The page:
Breeding and herd structure in livestockbased agropastoralism systems in Chepareria, West Pokot, Kenya

University essay from SLU/Dept. of Animal Breeding and Genetics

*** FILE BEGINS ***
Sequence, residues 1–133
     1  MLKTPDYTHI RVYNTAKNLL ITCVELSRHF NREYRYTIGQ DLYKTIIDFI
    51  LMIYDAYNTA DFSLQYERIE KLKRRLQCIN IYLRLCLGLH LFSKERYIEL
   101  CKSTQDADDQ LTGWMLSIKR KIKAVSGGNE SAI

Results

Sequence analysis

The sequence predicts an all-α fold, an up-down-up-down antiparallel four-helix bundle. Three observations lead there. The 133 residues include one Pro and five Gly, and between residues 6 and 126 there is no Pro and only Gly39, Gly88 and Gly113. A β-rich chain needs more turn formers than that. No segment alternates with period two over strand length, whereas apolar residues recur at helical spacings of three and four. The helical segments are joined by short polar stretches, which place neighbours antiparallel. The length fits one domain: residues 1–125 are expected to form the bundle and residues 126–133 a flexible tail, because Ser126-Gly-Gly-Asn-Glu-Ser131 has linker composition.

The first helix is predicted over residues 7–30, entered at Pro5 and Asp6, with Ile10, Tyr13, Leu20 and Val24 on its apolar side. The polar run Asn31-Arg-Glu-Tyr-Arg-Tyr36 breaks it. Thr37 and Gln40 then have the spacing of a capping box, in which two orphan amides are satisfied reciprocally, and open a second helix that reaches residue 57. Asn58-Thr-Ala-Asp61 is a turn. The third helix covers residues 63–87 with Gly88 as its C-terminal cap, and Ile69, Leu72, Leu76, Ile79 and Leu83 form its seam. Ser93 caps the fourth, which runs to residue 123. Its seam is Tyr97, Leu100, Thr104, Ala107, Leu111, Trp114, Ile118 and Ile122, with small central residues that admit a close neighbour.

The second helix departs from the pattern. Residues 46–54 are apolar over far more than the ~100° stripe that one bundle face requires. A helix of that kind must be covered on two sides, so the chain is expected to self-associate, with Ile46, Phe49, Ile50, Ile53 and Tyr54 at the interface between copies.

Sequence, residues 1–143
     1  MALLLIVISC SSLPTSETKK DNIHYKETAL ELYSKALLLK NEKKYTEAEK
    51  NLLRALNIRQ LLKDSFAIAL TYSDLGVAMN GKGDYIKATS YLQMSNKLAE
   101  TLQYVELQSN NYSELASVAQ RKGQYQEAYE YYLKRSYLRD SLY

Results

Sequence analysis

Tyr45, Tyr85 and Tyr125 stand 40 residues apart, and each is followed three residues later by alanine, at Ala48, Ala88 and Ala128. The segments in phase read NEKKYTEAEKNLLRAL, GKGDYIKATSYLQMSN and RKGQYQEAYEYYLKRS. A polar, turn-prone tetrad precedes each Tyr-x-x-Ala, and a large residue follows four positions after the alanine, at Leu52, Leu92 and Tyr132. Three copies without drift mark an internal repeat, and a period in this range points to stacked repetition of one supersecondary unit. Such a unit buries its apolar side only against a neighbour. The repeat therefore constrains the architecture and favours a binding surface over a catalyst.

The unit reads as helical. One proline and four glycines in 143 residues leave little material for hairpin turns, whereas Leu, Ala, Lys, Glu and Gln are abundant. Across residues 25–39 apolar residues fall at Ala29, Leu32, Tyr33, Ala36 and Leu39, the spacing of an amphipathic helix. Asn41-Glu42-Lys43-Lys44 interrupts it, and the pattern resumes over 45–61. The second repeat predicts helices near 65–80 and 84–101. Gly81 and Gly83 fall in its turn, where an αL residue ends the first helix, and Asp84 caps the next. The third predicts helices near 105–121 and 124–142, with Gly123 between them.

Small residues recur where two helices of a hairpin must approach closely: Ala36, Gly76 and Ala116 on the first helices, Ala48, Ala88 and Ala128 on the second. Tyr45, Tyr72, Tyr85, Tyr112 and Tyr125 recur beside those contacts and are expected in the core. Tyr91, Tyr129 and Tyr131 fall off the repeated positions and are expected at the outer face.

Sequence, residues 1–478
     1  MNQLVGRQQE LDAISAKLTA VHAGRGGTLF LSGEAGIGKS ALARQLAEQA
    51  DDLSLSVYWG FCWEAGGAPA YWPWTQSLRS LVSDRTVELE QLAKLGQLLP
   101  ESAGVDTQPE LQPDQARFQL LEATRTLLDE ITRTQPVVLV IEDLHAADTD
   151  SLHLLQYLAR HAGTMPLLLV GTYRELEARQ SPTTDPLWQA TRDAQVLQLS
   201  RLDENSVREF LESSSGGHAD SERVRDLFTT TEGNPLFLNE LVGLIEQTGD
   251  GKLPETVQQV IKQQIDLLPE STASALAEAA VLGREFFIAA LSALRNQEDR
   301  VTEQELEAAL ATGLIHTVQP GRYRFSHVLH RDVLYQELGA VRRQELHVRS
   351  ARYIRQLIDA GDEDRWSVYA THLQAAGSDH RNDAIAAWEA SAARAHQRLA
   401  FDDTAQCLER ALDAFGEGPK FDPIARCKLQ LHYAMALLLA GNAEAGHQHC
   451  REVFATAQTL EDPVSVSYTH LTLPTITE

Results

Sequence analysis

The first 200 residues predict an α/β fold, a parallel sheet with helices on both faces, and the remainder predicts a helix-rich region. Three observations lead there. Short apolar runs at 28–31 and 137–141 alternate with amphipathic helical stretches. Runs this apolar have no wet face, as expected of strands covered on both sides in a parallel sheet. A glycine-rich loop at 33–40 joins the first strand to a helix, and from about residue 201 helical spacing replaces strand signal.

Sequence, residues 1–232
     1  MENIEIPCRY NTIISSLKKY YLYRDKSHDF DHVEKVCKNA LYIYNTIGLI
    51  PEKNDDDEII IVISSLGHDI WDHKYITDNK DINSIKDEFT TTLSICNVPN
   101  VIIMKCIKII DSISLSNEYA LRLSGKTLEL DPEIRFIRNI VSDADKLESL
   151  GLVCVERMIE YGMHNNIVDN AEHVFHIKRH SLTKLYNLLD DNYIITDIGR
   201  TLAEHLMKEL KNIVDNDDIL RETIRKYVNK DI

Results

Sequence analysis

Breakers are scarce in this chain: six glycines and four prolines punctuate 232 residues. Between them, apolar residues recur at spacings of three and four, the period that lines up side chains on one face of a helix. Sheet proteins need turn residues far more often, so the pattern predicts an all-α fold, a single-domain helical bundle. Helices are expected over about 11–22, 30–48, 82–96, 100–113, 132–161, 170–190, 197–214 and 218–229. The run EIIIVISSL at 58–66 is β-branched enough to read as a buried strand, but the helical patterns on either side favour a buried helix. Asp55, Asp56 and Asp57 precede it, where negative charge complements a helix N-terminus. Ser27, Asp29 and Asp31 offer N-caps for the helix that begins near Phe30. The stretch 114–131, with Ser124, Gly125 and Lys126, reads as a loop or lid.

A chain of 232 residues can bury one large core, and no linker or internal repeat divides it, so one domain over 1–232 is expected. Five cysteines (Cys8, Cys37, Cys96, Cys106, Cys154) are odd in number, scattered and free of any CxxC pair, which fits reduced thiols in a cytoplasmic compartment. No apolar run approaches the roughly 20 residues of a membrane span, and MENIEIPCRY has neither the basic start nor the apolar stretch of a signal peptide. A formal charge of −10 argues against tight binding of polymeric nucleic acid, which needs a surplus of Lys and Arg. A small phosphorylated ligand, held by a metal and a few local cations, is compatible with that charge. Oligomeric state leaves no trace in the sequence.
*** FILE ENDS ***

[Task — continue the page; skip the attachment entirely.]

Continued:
Abstract: The development towards a sustainable agro-pastoralism started late in Chepareria Division, Kenya, but is today moving fast. The livestock-based agro-pastoralists widely apply crossbreeding with imported exotic breeds for rapid performance improvements. There is a great shortage of breeding- and genetic knowledge and because no long-term breeding programs are practiced there is a risk of losing valuable genetic variation of indigenous breeds. The documentation on the livestock production in Chepareria is inadequate. The aim of this study was therefore to investigate the current breeding strategies and herd structures, as well as the purpose of the animal production. A combination of structured and semi-structured interviews was made on thirty farms in the areas Ywalateke and Pserum. Twenty farms were randomly selected and ten farms were chosen because they were considered to have the best livestock management performance. The number of animals in the herd did not differ between the two areas, neither between the randomly selected nor chosen farms. Crossbreeding was used by 83% of the farmers and 67% of the farmers planned their breeding in some way. The only significant difference (P= 0.05) between the two regions seen was that own bulls were more commonly housed on farms in Pserum. The purpose of the production was shown to be both for selling and self-consumption. Products produced were; milk, meat, live animals, eggs, manure and hides. The reasons for selling products were predominant to pay for school fees, as education was considered of great importance. The prices given for live animals at the market were shown to differ a lot due to type, sex, and breed. Milk was seldom sold and the daily milk yield was difficult to estimate because of different measuring tools among the farms. For future improvement more detailed investigations have to be done. To launch long-term breeding strategies, blood samples of livestock animal need to be taken to determinate individual genetic composition. A moderate use of crossbreeding should also be considered.

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